Δευτέρα 15 Απριλίου 2024
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Editorial To Vima: The dilemma of ruling coalitions

Editorial To Vima: The dilemma of ruling coalitions

When PM as leader of the top party [SYRIZA has long trailed behind ND in all polls] raises the prospect of a coalition government, other party leaders cannot dodge the issue and turn a blind eye to new realities.

At our news organisation’s Oikonomikos Tachydromos forum (photo), Prime Minister Kyriakos Mitsotakis made clear – in this unstable wartime and absolutely transitional period for the entire world – his political intentions and the terms under which he intends the next general election to be held.

Firstly, he made a firm commitment that he will serve out his four-year term (ending in July, 2023).

Noting that he does not intend to change the current electoral law (direct proportional representation without a bonus of dozens of seats as in the past that ensured a stable, one-party government), Mitsotakis distanced himself from his past declarations that he will not settle for anything less than ND single-party rule, and he left open the prospect of a coalition government.

This political shift constitutes recognition of the domestic and global emergency situation [created by the Russo-Ukrainian war] and signals that the PM will place political stability above partisan interests and objectives.

He essentially freed himself of the games that have traditionally bedeviled Greek politics and recognised that current conditions mandate a heightened level of responsibility.

With the conviction that the Greek people will appreciate his stance, the PM also personally took on the weighty domestic political cost of the management of challenges resulting from the current international instability.
Effectively, Mitsotakis, due to extraordinary circumstances, turned a page and redefined the terms of the domestic political game.

Now, no one can remain barricaded behind the wooden walls of his party and pretend to pursue indisputable single-party rule.

When the leader of the top party [SYRIZA has long trailed behind ND in all polls] raises the prospect of a coalition government, other party leaders cannot dodge the issue and turn a blind eye to new realities.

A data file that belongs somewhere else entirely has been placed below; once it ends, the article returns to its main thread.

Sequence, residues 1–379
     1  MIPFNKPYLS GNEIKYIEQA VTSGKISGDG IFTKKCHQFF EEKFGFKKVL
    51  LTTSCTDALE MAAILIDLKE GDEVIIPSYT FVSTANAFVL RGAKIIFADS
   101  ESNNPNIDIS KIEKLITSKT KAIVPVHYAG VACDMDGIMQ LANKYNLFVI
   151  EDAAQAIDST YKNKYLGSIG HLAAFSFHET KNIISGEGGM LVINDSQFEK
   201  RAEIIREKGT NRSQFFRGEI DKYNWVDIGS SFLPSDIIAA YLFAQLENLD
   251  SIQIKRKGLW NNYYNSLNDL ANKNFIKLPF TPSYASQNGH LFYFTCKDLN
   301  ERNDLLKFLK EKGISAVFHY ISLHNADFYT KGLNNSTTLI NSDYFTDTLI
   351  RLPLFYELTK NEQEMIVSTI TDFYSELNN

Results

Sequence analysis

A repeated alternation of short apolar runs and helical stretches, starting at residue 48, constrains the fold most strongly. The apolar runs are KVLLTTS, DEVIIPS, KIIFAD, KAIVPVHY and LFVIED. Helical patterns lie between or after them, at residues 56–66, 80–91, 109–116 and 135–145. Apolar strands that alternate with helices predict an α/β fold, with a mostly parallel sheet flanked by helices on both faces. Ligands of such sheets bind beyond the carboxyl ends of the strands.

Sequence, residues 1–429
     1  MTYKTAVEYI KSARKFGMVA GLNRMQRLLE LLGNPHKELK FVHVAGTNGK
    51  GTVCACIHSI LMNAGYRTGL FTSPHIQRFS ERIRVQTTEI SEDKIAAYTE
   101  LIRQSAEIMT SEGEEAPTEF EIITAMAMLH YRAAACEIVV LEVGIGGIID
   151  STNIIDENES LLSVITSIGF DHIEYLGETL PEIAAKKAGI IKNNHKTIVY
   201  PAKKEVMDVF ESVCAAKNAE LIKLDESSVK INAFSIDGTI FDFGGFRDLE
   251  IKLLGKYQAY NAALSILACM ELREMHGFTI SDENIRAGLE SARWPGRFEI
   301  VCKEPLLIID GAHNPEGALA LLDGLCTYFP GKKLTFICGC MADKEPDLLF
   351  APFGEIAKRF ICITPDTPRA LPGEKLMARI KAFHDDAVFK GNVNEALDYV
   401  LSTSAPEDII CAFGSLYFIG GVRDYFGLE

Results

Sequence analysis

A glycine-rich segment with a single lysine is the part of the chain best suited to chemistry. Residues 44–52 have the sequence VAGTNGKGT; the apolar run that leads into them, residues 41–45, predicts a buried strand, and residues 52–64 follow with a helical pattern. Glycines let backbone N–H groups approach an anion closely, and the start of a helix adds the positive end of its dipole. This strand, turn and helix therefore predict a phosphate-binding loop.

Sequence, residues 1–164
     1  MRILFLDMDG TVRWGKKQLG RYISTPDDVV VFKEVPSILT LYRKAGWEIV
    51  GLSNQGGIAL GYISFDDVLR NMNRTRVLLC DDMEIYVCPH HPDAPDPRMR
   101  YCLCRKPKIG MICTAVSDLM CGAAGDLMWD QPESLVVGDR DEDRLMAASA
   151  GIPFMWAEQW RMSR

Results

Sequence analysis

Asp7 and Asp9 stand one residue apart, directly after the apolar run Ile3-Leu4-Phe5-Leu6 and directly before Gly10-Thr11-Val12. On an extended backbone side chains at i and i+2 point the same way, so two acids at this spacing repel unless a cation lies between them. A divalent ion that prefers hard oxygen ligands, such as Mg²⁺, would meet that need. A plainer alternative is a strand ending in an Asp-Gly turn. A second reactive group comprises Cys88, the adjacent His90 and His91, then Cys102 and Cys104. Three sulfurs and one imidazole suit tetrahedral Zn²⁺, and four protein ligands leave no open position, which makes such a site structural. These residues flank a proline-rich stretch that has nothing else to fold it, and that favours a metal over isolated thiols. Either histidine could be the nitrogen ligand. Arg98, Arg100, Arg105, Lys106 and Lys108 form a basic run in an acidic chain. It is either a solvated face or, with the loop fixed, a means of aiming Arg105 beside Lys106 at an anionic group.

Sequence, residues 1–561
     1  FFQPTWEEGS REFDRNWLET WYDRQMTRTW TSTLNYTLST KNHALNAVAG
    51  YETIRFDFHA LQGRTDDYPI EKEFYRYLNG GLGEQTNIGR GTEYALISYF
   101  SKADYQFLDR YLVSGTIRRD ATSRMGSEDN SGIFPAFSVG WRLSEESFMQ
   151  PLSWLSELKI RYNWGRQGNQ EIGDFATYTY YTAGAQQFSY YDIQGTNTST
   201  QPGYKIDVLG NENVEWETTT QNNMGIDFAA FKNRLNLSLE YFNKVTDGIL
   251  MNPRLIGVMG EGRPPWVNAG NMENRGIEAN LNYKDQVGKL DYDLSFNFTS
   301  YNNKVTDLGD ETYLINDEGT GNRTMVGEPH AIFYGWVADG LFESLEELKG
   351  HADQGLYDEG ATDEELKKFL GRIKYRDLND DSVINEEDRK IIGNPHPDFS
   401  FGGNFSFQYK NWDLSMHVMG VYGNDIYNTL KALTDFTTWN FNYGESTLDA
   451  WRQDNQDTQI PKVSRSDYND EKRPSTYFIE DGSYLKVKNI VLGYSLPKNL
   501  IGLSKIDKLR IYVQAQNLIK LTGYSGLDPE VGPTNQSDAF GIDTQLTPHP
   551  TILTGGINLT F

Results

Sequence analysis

This is because the country cannot remain ungoverned or have an unstable government, especially in wartime conditions.

There is no room for self-deception and in all likelihood the directly proportional electoral law cannot produce a viable, single-party government.

A coalition of three parties – most likely the three top ones – would be required, but that is an unlikely eventuality given the fundamental and largely unbridgeable political chasm between the parties.

That means a second general election, with an electoral law that is more favourable for the top party, will likely be held in late spring of 2023.

Mitsotakis stressed that in the current conditions of international instability it is impermissible for a repeat general election not to lead to the formation of a government and to necessitate a third electoral contest with an outcome that cannot be predicted.

All parties, especially ideologically kindred ones, must take a stand in a timely manner in order to facilitate the convergence of political platforms, and so that voters may be aware in advance of the various potential coalitions.

The truth be told, the PM seeks to collaborate with the renewed [in December it elected a new leader] centre-left KINAL party. He sees Nikos Androulakis’ party as a politically closer to his own and takes into account that it has experience from governing in the past.

The two parties had joined forces in a coalition government in the fairly recent past and jointly managed major challenges in critical periods. Moreover, in Europe one has often seen ruling coalitions comprised of conservative and Social Democratic parties.

Mitsotakis intends to declare that under no circumstances will he govern with nationalist-populist parties.

Androulakis’ first reaction to the PM’s indirect invitation was hardly receptive, and understandably one might say. It was characterised by reservations and suspicion.

Yet, as time goes by, he will be faced with increasingly sever pressures and he will de facto have to confront the dilemma.

Mitsotakis will attempt to attract centrist voters, either through a collaboration with KINAL, or on his own in the event that Androulakis rules it out and moves to build bridges with main opposition SYRIZA leader Alexis Tsipras.

Whatever the case may be, the hitherto stagnant Greek political system is on the move, and in the 16 months until the next general election everyone will be evaluated and judged.

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Δευτέρα 15 Απριλίου 2024